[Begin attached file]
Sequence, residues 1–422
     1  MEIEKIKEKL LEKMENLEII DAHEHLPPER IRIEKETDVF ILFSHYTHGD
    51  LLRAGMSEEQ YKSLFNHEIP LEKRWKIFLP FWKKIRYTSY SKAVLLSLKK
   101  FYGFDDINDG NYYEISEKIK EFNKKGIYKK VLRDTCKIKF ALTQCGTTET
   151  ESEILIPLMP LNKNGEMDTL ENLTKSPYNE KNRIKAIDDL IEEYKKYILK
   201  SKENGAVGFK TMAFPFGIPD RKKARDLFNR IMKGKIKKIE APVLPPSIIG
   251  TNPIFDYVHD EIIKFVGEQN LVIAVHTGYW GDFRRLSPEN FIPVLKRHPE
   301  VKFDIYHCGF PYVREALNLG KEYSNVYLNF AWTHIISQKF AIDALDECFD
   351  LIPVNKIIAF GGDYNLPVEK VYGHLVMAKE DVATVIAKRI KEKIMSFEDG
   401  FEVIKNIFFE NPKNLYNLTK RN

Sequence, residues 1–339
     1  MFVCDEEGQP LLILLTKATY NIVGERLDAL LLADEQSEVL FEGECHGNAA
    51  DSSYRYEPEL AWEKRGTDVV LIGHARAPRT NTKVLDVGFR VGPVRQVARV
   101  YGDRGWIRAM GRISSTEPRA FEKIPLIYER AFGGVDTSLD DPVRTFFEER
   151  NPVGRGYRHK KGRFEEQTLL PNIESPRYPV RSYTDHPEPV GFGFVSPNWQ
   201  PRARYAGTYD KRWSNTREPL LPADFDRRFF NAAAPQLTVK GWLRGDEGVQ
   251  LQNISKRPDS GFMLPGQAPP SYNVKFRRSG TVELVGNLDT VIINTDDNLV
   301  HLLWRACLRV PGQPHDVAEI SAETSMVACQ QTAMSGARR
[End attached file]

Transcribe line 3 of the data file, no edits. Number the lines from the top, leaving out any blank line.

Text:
    51  LLRAGMSEEQ YKSLFNHEIP LEKRWKIFLP FWKKIRYTSY SKAVLLSLKK